|Dentist with exposure to positive patient
Jan 30, 2008
Hi Dr Frascino, Thank you for all you do on here! You are an inspiration to many and a wonderful resource for so many concerned folks. My situation is the following. I was performing a filling on an Hiv patient of mine and during the process was cut with a metal strip through gloves while in the patients mouth. It was about a two cm laceration on my pointer finger. I am unsure if there was any visible blood on the metal strip. My finger did produce blood when the glove was removed. I went through the following work related injury procedures and was baseline tested that day. The pateint was very concerned as was I. He did state that at this time he is on meds and has a viral load that is undetectable. What are the possibities of infection from this occurance? My husband and I are actively trying to conceive and I am overwhelmed by this incidence. Any information you could provide would be greatly appreciated. Once again thank you so very much for your time. CS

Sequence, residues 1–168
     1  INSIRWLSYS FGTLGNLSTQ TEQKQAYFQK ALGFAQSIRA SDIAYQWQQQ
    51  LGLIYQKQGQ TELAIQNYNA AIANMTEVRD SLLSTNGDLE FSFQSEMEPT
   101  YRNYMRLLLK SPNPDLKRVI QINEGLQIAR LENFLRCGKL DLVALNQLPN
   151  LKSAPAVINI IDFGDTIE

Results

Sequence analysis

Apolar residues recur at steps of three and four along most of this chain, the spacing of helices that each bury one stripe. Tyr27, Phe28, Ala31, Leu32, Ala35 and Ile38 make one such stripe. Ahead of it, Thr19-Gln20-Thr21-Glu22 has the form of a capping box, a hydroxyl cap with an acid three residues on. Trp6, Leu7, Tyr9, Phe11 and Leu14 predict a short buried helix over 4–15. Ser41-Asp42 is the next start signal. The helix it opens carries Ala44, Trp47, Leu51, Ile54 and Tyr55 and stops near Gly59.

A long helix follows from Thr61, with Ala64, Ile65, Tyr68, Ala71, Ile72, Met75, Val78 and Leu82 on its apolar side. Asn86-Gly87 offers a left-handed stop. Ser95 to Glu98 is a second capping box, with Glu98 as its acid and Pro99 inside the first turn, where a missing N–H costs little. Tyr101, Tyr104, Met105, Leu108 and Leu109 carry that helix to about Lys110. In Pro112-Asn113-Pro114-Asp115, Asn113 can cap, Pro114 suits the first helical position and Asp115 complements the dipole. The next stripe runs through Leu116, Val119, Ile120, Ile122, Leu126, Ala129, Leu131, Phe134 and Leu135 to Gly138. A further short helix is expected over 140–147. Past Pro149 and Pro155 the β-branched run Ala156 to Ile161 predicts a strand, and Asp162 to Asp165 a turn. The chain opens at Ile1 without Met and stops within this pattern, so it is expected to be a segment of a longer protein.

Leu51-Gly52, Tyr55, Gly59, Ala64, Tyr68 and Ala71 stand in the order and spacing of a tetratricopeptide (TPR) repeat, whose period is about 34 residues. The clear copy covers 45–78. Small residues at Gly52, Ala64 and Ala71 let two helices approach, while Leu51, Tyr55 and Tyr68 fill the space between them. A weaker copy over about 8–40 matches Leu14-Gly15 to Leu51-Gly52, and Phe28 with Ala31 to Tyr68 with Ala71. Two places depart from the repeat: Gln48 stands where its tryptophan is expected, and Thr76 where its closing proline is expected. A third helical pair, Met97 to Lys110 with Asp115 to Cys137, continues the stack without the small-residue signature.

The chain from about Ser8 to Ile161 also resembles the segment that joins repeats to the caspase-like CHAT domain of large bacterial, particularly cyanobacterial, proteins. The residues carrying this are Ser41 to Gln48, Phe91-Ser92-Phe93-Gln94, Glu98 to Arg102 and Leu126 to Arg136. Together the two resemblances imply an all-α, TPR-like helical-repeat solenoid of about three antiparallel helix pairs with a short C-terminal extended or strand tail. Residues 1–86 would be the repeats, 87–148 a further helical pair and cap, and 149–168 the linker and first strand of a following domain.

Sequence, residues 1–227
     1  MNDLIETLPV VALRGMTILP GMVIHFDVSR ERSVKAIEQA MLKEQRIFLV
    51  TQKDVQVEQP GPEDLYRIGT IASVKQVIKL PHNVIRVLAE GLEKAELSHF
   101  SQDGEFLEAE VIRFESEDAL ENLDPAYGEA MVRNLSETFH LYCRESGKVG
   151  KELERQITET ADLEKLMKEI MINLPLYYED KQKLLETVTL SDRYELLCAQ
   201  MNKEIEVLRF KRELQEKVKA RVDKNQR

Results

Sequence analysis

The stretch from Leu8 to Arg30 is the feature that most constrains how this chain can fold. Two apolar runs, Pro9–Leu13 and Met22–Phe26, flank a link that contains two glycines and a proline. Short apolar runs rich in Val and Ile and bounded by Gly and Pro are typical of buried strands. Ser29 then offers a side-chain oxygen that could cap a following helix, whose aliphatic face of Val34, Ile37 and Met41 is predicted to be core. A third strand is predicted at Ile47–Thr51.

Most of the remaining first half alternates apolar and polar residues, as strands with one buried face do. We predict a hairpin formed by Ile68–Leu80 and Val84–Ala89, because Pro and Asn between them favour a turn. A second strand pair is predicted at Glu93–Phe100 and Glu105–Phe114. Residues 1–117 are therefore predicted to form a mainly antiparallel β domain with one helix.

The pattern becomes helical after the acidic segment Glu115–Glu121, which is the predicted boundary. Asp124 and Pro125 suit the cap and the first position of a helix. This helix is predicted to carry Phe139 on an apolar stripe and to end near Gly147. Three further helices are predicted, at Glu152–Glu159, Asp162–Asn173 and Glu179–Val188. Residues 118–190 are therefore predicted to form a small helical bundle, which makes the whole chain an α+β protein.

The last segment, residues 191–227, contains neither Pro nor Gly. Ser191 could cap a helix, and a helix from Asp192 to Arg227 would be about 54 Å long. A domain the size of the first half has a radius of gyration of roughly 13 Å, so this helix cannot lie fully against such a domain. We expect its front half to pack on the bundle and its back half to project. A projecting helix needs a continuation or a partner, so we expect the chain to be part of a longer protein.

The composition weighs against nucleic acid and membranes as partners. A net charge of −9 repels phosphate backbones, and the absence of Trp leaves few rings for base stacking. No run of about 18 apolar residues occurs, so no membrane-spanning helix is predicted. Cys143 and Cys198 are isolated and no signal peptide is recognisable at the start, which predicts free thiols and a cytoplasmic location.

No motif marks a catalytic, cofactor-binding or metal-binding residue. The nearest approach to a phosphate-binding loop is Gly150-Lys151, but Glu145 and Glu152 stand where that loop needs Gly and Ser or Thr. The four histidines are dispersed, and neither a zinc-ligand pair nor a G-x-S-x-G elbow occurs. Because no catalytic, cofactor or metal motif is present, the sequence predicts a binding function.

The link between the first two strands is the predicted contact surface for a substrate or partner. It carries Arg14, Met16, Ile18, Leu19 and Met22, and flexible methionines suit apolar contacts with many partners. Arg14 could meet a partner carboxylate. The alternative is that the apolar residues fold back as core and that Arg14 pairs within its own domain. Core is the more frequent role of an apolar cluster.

| Response from Dr. Frascino
Your HIV-acquisition risk is extremely low, but not completely nonexistent. That the patient's HIV plasma viral load was suppressed to undetectable levels significantly decreases the chance for HIV transmission. There are also components of human saliva that inhibit HIV. Saliva that is not contaminated with blood does contain HIV, but in such low titers that exposure-transmission risk is negligible. If the saliva is contaminated with infected blood, the risk increases. It would be unlikely that considerable blood would be present from a routine filling procedure.
I'm pleased you followed the guidelines for a possible occupational exposure by documenting the incident and getting baseline HIV screening. At this point, I would only recommend routine follow-up screening per the published guidelines (three and six months). I would also recommend you and your husband hold off on the baby making and use latex condoms for penetrative sex until you get your "all clear" negative HIV follow-up tests.
Try not to be "overwhelmed" by this incident. The odds remain astronomically in your favor that you did not contract HIV from this possible exposure.
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